26 September, 2007

Uganda: The Land Of Plenty....

Uganda: the land of plenty? Uganda is indeed the land of plenty of food and water. I write this, with Uganda that was in the 60s and 70s - in mind. Growing up in Uganda then, I never knew what hunger was, till the age of about 12, when - as a Muslim - I started fasting during the month of Ramadhan. Other wise, there always was plenty to eat. Fruits of various kinds, seemed to be every where: mangoes, oranges, papayas, guavas, grapefruits, bananas and berries were then in abundance. As for food served as meals, daily, there was so much (even through all those difficult 70s) that now when I look back and think of those days, I realise how very lucky I was to have had all that abundance surrounding me at that age. And such beauty and peace. The kind of staggering natural beauty that is Uganda, is one of a kind. Now when I read or watch on the news, all the problems and misery that seems to continually be a part of Uganda - I am deeply saddened.

Uganda, being a country of many lakes, rivers and streams; and heavy rains - always had floods. The same places where there are floods now, are the same areas I grew up around: Lango, Teso and Acholi. And even then, there were, many times, floods - some times even bigger than the one we are now witnessing there. Then, roads were flooded and villages and communities were cut off or separated - but, there was no hunger. And there wasn't the kind of misery and deprivation, that seems to be there now. Many, will say it's due to the increase in population, but then:


.....experts point at El Nino and La Nina to explain the unusually heavy rainfall, deforestation and climate change have exacerbated the problem. Trees absorb the water and protect the soil from erosion. The mudslides in the Elgon region, which have already killed people and blocked roads, are a direct result of the careless felling of trees - for charcoal, wood, or to clear land for agriculture.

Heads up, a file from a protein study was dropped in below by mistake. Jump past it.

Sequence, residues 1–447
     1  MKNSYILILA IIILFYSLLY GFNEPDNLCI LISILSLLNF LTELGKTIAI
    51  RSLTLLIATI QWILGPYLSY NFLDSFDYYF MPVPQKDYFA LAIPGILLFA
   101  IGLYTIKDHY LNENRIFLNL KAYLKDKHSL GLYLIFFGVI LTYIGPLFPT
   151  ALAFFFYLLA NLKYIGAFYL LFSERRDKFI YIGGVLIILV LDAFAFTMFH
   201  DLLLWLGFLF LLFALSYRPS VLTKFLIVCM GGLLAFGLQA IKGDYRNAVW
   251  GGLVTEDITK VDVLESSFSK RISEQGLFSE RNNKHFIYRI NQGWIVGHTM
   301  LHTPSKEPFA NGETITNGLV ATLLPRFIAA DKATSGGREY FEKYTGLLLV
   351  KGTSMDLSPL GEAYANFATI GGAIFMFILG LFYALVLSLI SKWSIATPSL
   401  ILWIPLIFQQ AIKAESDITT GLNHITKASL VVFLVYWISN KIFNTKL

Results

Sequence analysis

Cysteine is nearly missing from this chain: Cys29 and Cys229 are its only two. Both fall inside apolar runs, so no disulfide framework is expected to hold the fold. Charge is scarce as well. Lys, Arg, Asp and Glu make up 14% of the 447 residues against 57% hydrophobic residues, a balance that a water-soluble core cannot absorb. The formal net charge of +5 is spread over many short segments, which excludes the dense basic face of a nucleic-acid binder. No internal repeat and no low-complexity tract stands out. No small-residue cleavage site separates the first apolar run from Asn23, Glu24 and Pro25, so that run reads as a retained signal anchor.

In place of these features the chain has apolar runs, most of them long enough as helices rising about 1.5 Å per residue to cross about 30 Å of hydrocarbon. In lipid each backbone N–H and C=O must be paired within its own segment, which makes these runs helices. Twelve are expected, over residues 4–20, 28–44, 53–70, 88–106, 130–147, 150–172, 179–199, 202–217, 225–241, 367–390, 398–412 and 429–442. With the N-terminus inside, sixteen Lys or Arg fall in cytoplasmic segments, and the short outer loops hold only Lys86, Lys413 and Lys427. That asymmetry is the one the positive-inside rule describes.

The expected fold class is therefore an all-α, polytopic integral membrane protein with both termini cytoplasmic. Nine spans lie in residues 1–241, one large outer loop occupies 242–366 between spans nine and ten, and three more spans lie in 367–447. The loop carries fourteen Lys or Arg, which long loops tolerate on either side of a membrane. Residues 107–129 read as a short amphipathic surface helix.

Trees also absorb carbon dioxide emissions, released from industrial activities, vehicles and burning of bushes. The more deforestation, the more carbon dioxide accumulates in the atmosphere, causing global warming and erratic weather patterns.But there is more. Greenhouse gases also contribute to flooding, a study published by the journal Nature has found.

Higher atmospheric levels of carbon dioxide reduce the ability of plants to suck water out of the ground and "breathe" out the excess. As a result, less water passes through the plant and into the air in the form of evaporation.

And more water stays in the land, eventually running off into rivers when the soil becomes saturated, and causing flooding. All Africa

The floods only exacerbates Uganda's already many problems: the bloody and costly conflict in the North, it being plagued by HIV/AIDS and other diseases and an economy that has so far not taken off as strongly as hoped for. Now, Uganda has not only to feed and shelter the hundreds of thousands worse affected by the floods, but has too - to reconstruct, rebuild and repair the many roads, bridges and other structures destroyed by the floods. As for the worse affected people of the area, the agony and misery is even more and worse. And will continue for a long time to come; even when the World, much later, has forgotten about the floods in Uganda.

Photo from: CNN

Search Safari Notes